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05.11.09

Is Microsoft Blocking the United Kingdom’s Free Software Policy by Dumping?

Posted in Europe, Free/Libre Software, Microsoft at 3:23 am by Dr. Roy Schestowitz

Tower bridge at night

Summary: Microsoft dumps on the United Kingdom, specifically where new plans exist for adoption of Free/open source software

Several months ago we jubilantly witnessed a major milestone in the United Kingdom (UK), whose government finally decided to adopt open source and ODF. This was a major blow to Microsoft, whose last mischief in the country we mentioned in relation to the London Olympics. There is a lot more, e.g.:

How will Microsoft respond to the UK’s latest plan to acquire some open source (or Free software) solutions? Dumping of course. According to ZDNet UK, “Microsoft [is] to offer discounts to [the] public sector.”

Microsoft has signed a deal with Buying Solutions, the UK government’s public-sector procurement agency, in which the software company has agreed to offer its highest level of discount to all public-sector organisations in the country.

[...]

Mark Taylor [...] told ZDNet UK on Thursday that the figure of £75m was only a “notional saving” because “the values that Microsoft attribute to their software [are] obvious nonsense”.

“No-one has been able to [find out] what is actually being spent by the government on software licences,” Taylor, who also heads up the open-source services company Sirius, added. “It’s nonsense giving a notional saving without revealing what the actual cost is.”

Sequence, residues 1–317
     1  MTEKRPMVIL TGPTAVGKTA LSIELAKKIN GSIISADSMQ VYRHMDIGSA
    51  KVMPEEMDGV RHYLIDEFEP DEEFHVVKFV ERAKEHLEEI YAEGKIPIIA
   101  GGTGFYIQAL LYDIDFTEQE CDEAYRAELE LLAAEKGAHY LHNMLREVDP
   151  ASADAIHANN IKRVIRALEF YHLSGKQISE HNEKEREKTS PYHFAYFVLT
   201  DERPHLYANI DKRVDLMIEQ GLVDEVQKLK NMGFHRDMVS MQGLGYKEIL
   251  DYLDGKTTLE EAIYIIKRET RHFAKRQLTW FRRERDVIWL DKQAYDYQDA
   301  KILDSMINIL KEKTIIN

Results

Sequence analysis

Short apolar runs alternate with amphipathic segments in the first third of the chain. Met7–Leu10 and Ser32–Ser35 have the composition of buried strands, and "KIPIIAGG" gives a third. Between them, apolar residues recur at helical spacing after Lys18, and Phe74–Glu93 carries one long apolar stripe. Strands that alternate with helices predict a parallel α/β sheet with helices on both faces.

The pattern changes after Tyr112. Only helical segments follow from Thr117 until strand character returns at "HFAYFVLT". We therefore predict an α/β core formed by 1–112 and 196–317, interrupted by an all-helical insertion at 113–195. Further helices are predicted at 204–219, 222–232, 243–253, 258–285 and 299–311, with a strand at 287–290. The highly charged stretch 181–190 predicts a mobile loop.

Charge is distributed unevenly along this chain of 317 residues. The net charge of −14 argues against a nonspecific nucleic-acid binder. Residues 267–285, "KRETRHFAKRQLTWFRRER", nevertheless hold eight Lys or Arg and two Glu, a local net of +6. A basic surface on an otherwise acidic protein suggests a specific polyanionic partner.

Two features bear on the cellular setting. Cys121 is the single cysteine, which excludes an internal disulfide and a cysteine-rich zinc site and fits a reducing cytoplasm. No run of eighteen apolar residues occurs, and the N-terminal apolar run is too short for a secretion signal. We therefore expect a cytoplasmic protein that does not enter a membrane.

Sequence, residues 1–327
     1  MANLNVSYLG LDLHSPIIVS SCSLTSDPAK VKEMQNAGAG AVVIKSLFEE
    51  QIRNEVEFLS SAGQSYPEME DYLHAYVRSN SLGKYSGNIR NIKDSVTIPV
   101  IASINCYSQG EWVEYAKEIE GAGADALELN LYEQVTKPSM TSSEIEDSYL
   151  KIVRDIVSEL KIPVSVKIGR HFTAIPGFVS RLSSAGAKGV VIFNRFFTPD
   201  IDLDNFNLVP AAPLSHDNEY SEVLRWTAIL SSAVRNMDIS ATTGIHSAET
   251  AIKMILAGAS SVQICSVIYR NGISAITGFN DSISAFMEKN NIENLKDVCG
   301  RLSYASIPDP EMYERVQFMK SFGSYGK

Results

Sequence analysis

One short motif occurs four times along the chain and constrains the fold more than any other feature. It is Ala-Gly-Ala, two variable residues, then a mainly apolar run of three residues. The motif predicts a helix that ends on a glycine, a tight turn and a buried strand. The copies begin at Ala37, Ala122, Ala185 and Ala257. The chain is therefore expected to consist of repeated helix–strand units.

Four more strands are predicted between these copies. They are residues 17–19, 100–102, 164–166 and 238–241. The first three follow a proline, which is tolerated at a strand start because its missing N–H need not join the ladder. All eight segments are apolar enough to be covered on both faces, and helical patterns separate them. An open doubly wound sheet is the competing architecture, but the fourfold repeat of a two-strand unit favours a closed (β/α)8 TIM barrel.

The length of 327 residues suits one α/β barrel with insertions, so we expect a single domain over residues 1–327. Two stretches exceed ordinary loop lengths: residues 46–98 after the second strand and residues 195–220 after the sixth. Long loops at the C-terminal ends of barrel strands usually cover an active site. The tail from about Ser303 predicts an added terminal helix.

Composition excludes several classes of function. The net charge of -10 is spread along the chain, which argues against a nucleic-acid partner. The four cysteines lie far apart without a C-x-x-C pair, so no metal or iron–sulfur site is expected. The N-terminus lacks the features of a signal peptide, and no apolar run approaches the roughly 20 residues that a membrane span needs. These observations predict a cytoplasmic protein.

Taylor also criticised the government’s open-source policy document, saying: “It’s not an action plan because an action plan has specific actions, a deadline and someone responsible for achieving them.” He said that “even a mild move to free software in the UK public sector would save £600m a year”.

This is becoming a farce for the government, whose transparency in procurement came under fire before. In the past couple of days we also found Glyn Moody slamming the current government for its secrecy, a couple of times in fact.

Of course, the key issue here is what the licence will be, and what it will let people do. For example, I can’t help fearing that making it “easier for citizens to re-use Government information” means that it will be for non-commecial use only, which would miss the point about what open data can do for business – and hence the economy.

 

One of the central themes of this blog is that the openness that powers the continuing rise and success of open source can be applied to most other areas – in business, and in life generally. No better proof of that could be found than the revelations today about the widespread and thoroughgoing abuse of the expenses system by senior UK politicians.

Going back to Microsoft’s latest move, until someone offers "the Ballmer egg treatment" for this type of corruption [1, 2], such questionable/illegal dealings will probably carry in.

“If you believe that discrimination exists, it will.”

Anthony J. D’Angelo

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A Single Comment

  1. Needs Sunlight said,

    May 11, 2009 at 4:57 am

    Gravatar

    What ever price M$ is offering the UK could be used to extrapolate the immediate savings by going with FOSS packages:
    http://www.ecis.eu/documents/Finalversion_Consumerchoicepaper.pdf

    Additionally, breaking the monopoly means that the monopoly rents go and that means that the 65% profit margin on MS Office goes away.

    If there are, as claimed, 500 million copies of MS Office floating around out there, and each costs an average of 52 EUR (to pull a number out of the air), then 26 billion could be saved. Say 105 EUR each, and the savings goes up to 52.5 billion. That’s a big economic stimulus package right there.

    Additional tens of billions could further saved annually because the users would not be stuck on a worm-ridden platform and free to move.

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